Rape Conviction Overturned by Military Court Due to Jury Composition


By Debbie Gregory.

The nation’s highest military court has thrown out the 2012 rape conviction of a Coast Guard enlisted man because admirals and prosecutors packed the seven-member jury with five women, four of whom held jobs as advocates for victims of sexual assault.

In a 5-0 ruling that could change how the military conducts sex abuse trials, the U.S. Court of Appeals for the Armed Forces tossed out the conviction of Boatswain’s Mate 2nd Class John C. Riesbeck.

The decision speaks to the way politics influences command choices regarding military justice. From the Coast Guard commandant down to an appellate court to the original trial judge, the high court said all contributed to a “stain on the military justice system.”

Riesbeck claimed a biased jury panel had infringed on his right to a fair trial after he was convicted. He was sentenced to three months’ confinement, demotion, and a bad conduct discharge.

Four admirals had a hand in the final panel: Coast Guard Commandant Paul F. Zukunft; Vice Adm. Manson K. Brown, then-commander of Coast Guard Pacific Area & Defense Forces West; Rear Adm. Christopher Colvin, then-Pacific Area deputy commander; and Rear Adm. June Ryan, then-Pacific Area chief of staff.

The Coast Guard is part of the Department of Homeland Security, but its 40,000 personnel — about 10 percent of whom are women — come under the Uniform Code of Military Justice, as do all military personnel.

“It is gratifying to see a female judge pushing back against the ‘Me Too’ meme by insisting on due process for the accused Coast Guardsman as well as the accuser in this case,” said Elaine Donnelly, who heads the Center for Military Readiness. “The court also deserves praise for holding accountable Admiral Zukunft, who was involved in what Judge Margaret A. Ryan described as ‘gender-based court stacking’ with professional victims advocates.”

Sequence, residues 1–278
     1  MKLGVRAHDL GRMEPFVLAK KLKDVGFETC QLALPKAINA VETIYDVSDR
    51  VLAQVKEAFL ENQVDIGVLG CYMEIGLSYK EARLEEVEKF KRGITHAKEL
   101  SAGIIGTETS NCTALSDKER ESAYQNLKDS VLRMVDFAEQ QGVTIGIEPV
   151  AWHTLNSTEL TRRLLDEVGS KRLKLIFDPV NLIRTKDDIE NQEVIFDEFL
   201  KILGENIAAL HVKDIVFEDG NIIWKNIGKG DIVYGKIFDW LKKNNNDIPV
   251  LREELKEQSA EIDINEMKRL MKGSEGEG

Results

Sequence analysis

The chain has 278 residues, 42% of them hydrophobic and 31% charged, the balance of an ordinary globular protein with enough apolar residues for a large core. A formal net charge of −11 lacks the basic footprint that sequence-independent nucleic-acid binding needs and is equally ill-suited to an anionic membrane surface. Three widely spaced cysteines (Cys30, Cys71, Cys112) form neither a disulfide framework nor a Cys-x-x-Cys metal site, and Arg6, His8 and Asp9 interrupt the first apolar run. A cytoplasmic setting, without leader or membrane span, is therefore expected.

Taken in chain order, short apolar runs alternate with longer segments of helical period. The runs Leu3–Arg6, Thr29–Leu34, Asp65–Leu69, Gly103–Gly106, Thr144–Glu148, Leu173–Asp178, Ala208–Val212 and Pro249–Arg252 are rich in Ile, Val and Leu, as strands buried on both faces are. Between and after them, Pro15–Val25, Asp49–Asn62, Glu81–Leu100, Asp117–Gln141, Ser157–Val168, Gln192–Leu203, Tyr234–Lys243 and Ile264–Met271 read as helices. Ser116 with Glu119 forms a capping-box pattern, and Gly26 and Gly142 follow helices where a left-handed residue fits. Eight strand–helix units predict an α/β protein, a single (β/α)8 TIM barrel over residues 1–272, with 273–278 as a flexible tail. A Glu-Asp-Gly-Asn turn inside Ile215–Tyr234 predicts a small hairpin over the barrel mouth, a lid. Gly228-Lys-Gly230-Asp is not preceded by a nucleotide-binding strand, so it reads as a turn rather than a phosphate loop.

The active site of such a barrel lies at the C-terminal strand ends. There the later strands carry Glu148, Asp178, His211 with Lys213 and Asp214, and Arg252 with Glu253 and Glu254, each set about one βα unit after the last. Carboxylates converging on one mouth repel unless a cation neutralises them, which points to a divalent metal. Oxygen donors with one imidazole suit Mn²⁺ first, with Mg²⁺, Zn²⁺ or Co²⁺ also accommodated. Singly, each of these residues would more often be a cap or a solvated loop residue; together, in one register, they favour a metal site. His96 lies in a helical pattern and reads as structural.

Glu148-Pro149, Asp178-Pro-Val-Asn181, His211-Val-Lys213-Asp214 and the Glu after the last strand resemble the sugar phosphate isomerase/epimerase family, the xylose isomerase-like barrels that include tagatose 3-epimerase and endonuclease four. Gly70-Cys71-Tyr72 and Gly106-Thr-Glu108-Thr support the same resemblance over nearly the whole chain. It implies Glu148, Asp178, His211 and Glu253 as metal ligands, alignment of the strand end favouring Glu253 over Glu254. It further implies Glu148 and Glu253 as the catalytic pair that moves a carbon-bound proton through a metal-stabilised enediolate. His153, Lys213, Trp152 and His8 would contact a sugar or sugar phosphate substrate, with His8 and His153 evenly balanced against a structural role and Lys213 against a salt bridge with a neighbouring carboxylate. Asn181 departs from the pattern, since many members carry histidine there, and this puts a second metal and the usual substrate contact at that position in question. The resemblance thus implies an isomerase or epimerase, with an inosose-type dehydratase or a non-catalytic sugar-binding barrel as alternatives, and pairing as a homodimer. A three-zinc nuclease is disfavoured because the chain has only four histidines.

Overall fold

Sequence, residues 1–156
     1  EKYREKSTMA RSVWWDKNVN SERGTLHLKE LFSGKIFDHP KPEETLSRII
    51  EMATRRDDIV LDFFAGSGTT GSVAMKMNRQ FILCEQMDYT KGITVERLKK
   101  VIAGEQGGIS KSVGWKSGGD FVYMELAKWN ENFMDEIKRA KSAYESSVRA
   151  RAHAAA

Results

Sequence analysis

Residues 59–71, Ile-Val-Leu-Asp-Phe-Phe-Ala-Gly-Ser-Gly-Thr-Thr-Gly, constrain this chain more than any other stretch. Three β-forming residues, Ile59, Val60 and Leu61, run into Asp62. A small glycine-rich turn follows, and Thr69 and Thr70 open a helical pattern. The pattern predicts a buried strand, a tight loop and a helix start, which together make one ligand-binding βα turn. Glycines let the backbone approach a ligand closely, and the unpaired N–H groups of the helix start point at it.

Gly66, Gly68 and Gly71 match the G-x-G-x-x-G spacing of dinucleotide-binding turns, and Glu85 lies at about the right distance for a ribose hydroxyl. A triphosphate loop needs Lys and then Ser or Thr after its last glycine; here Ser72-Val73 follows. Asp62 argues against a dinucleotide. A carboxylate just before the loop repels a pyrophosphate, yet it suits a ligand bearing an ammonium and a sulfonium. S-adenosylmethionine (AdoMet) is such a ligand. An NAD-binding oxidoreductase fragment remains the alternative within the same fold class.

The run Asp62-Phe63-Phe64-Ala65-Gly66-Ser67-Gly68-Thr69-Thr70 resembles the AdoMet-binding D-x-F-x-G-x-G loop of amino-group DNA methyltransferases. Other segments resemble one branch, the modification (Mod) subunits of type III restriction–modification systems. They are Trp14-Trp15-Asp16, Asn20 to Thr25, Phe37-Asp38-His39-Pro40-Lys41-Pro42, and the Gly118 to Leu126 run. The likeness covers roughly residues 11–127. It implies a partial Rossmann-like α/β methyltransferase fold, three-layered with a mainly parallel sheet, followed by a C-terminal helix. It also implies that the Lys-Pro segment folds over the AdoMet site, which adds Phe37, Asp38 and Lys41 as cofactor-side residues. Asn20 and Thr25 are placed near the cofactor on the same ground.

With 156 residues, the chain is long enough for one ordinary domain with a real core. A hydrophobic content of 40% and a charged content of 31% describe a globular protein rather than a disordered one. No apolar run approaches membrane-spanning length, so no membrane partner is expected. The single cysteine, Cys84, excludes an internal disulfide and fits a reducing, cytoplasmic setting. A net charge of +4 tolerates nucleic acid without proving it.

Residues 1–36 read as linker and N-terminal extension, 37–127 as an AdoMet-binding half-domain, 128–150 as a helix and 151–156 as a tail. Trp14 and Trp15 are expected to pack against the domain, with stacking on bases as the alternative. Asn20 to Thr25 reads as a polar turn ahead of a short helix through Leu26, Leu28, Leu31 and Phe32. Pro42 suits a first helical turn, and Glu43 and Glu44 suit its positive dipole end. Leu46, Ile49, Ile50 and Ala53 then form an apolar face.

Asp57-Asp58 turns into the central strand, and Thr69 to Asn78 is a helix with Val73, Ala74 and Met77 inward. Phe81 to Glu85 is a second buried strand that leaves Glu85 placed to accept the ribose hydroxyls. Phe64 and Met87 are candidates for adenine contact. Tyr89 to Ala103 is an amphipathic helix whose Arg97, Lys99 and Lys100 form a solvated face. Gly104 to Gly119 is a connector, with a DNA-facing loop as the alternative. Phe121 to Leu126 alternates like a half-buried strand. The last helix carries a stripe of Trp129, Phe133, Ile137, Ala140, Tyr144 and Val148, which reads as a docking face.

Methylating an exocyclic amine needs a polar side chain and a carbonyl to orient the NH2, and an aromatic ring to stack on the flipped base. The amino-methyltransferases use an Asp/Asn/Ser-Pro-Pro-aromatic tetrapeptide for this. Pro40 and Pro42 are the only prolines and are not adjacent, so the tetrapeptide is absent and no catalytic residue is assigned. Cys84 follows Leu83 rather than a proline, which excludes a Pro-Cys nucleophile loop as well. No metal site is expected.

Military Connection salutes and proudly serves veterans and service members in the Army, Navy, Air Force, Marines, Coast Guard, Guard and Reserve,  and their families.

Three Cities Sue DoD over Gun Database Reporting

First Baptist Church in Sutherland Springs

By Debbie Gregory.

Three cities have filed suit against the Pentagon for lapses that allowed a mass shooter in Texas to buy a gun, even though he carried a conviction in military court that should have barred his purchase.

Air Force veteran Devin P. Kelley murdered 25 people and an unborn child at a church in Sutherland Springs, Texas in November. The former logistics specialist had been court-martialed in 2012 and was convicted of two counts of domestic violence against his wife and their child. Kelley was sentenced to 12 months confinement and received a bad conduct discharge in 2014.

In the complaint filed in the U.S. District Court in Alexandria, Va., the three cities – New York, San Francisco and Philadelphia, allege that the defendants, which include the military branches and Defense Secretary Jim Mattis, have failed to properly submit fingerprint cards, as well as information about the results of a criminal proceeding, to the FBI database if troops are charged with or convicted of certain violent crimes, including domestic violence and child abuse.

According to a report by the Department of Defense Inspector General, the Army, Navy, Air Force, and Marine Corps did not submit fingerprint cards to the FBI for 24% of the 2,502 convictions handed down in courts-martial in 2015 and 2016. The branches also neglected to submit final disposition reports in 31% of the cases.

Had the Air Force reported Kelley’s criminal record to the FBI, he wouldn’t have been able to legally purchase the gun he used to conduct the mass shooting.

According to the complaint, ““No new laws are required to achieve that goal. Instead, this Court need only grant Plaintiffs’ request to compel Defendants to diligently implement, and consistently apply, the unambiguous laws that have been on the books for decades.”

Military Connection salutes and proudly serves veterans and service members in the Army, Navy, Air Force, Marines, Coast Guard, Guard and Reserve,  and their families.

Missing Since 1977, Airman Discovered Living Double Life


By Debbie Gregory.